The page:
Lunar Parallax Demonstration Project

LPDP - Parallax Results: Contributors...

Observers were requested to take one photograph at 01h20m UT on the 9th of November that showed the Moon as a disk and at least two stars. To be honest, I wasn't sure what would come back from this request as I deliberately kept the request for images vague so as not to frighten off potential contributors.

Most images that came back were narrow field (close ups of the Moon and immediate star field). A couple of wide field shots (small Moon and lots of stars) were submitted providing ample opportunity for presenting the final results. A massive thanks must go to those that contributed (whether I used your images or not!). Projects like this cannot succeed unless individuals are prepared to let someone use their hard earned images for a common purpose. From a personal perspective, this project has demonstrated to me something that I've known to exist but have never 'seen' before. If nothing else I thank those that contributed for giving me that opportunity.

The internet also shows that observers are no longer lost souls in the night. As contributor Paul Hyndman put it, due to the internet we are now united lost souls of the night.

Personal thanks go to the following contributors...

I think I've listed everybody there (if not please email me and let me know!)

A number of these contributors also worked with me on the "Planets In Motion" project (2002).

LPDP Results:

Click on a link to view the results...

1) Narrow Field, Local Parallax (Europe)
Shows the small parallax effect of moving observing position over relatively
small distances (in the order of hundreds of km).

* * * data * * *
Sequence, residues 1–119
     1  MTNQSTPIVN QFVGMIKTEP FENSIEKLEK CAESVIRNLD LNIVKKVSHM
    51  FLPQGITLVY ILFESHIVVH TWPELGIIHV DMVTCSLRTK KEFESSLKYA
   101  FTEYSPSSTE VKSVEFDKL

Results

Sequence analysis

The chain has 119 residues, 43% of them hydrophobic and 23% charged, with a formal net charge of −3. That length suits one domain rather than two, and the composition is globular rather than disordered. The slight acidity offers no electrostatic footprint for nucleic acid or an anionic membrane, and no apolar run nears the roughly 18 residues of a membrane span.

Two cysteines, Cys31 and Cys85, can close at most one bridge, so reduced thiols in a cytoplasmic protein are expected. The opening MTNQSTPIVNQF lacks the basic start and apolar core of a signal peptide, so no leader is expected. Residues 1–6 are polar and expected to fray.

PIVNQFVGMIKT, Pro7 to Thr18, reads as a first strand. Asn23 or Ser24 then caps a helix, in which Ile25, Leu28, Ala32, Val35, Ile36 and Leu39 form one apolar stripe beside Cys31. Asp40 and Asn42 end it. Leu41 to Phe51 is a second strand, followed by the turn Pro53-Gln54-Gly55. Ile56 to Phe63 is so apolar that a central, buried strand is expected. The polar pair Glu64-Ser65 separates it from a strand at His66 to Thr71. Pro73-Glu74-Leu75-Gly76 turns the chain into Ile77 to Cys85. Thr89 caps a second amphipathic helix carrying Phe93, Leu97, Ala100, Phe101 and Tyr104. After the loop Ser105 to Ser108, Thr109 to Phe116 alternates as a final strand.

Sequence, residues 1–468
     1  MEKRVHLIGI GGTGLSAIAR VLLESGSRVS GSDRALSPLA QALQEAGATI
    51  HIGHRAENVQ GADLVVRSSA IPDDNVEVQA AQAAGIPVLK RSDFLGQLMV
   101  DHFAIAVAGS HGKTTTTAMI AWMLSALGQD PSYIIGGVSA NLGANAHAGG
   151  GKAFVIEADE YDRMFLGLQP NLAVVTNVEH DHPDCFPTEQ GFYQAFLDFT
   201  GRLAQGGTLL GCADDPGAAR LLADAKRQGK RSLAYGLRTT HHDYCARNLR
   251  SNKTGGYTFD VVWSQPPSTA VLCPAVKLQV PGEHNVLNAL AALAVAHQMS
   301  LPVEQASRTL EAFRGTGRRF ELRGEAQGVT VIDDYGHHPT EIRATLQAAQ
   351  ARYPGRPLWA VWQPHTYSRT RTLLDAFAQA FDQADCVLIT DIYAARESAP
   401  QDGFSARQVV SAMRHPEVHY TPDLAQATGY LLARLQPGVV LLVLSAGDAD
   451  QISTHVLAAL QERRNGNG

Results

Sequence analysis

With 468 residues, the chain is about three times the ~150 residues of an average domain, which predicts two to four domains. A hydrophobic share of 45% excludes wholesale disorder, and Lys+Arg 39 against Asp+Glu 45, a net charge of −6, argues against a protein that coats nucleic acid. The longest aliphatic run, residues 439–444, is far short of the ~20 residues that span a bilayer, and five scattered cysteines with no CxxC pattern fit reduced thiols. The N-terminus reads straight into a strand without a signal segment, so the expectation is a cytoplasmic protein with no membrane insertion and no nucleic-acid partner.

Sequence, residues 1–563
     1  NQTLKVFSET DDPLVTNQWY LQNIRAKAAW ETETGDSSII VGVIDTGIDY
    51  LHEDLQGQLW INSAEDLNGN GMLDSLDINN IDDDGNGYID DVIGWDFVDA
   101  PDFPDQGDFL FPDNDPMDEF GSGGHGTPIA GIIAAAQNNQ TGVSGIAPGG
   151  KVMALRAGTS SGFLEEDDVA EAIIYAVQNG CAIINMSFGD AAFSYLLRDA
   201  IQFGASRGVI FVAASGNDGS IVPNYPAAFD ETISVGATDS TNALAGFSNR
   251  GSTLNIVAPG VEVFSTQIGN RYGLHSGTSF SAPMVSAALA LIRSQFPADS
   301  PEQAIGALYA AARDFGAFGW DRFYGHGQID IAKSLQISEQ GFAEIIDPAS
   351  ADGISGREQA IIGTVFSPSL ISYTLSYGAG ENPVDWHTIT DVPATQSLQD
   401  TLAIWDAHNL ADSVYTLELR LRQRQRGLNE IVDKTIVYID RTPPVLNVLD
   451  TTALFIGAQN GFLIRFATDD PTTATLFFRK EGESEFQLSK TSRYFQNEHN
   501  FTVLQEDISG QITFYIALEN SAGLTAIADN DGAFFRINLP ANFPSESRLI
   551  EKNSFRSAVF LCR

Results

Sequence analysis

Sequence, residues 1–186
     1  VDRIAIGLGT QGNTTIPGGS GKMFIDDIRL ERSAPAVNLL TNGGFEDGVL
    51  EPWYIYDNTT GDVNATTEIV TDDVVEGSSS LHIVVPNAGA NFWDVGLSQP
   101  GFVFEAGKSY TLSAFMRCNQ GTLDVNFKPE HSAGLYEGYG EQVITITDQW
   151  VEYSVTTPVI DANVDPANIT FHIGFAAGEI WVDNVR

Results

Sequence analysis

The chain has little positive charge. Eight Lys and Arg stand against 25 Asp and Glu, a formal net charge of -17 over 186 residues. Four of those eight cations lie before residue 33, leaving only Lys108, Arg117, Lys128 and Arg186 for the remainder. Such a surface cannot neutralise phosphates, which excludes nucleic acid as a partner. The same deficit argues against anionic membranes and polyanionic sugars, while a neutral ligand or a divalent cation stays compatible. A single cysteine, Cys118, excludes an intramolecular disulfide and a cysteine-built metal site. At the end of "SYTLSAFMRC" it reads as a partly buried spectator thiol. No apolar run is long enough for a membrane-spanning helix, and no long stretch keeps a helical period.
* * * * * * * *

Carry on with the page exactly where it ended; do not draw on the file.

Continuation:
2) Narrow Field, Inter-continental Parallax (USA-Europe)
Shows the large parallax effect of moving observing position over relatively
large distances (in the order of thousands of km).


3) Wide Field, Inter-continental Parallax (USA-Europe)
Shows the large parallax effect of moving observing position over relatively
large distances. The view here shows the Moon roughly as it would appear
to a visual observer with no optical equipment.


4) Different views of the Moon's disk from widely separated observers
Shows the difference in the appearance of the Moon when viewed from
widely separated locations (separated by thousands of km).
The images of the Moon used in this result were taken at the same time.


5) Different views of the Moon's disk over time
Shows the difference in the appearance of the Moon when viewed from
the same location at different times on the same night.


6) Lunar 3D stereo image - UPDATED
Three different 3D views of the Moon using contributor's images.

7) Calculating lunar distance
Accurate capture of parallax images provides us with an opportunity
to calculate the distance to the Moon. Are you up to the challenge?


7a) Calculated results - NEW
November 9th 2003 - the first distance estimate is in!


8) How the parallax animations were put together
How the parallax images were constructed from the original contributor's
images.


9) Gallery of contributor's images
Here are the original images (reduced in size) that contributors kindly
donated for this project.


[All images are copyright their respective owners.]


Many of the results rely on animated GIF files being shown animated. Sometimes this doesn't work. If the graphic below is static (i.e. not animated) then it is possible that your browser is not going to show the results animations properly. After encountering this problem myself, the advice that actually seemed to fix the problem was provided by the following site http://www.sniggins.com/animation_problems.htm.




  Home   Email   LPDP   Results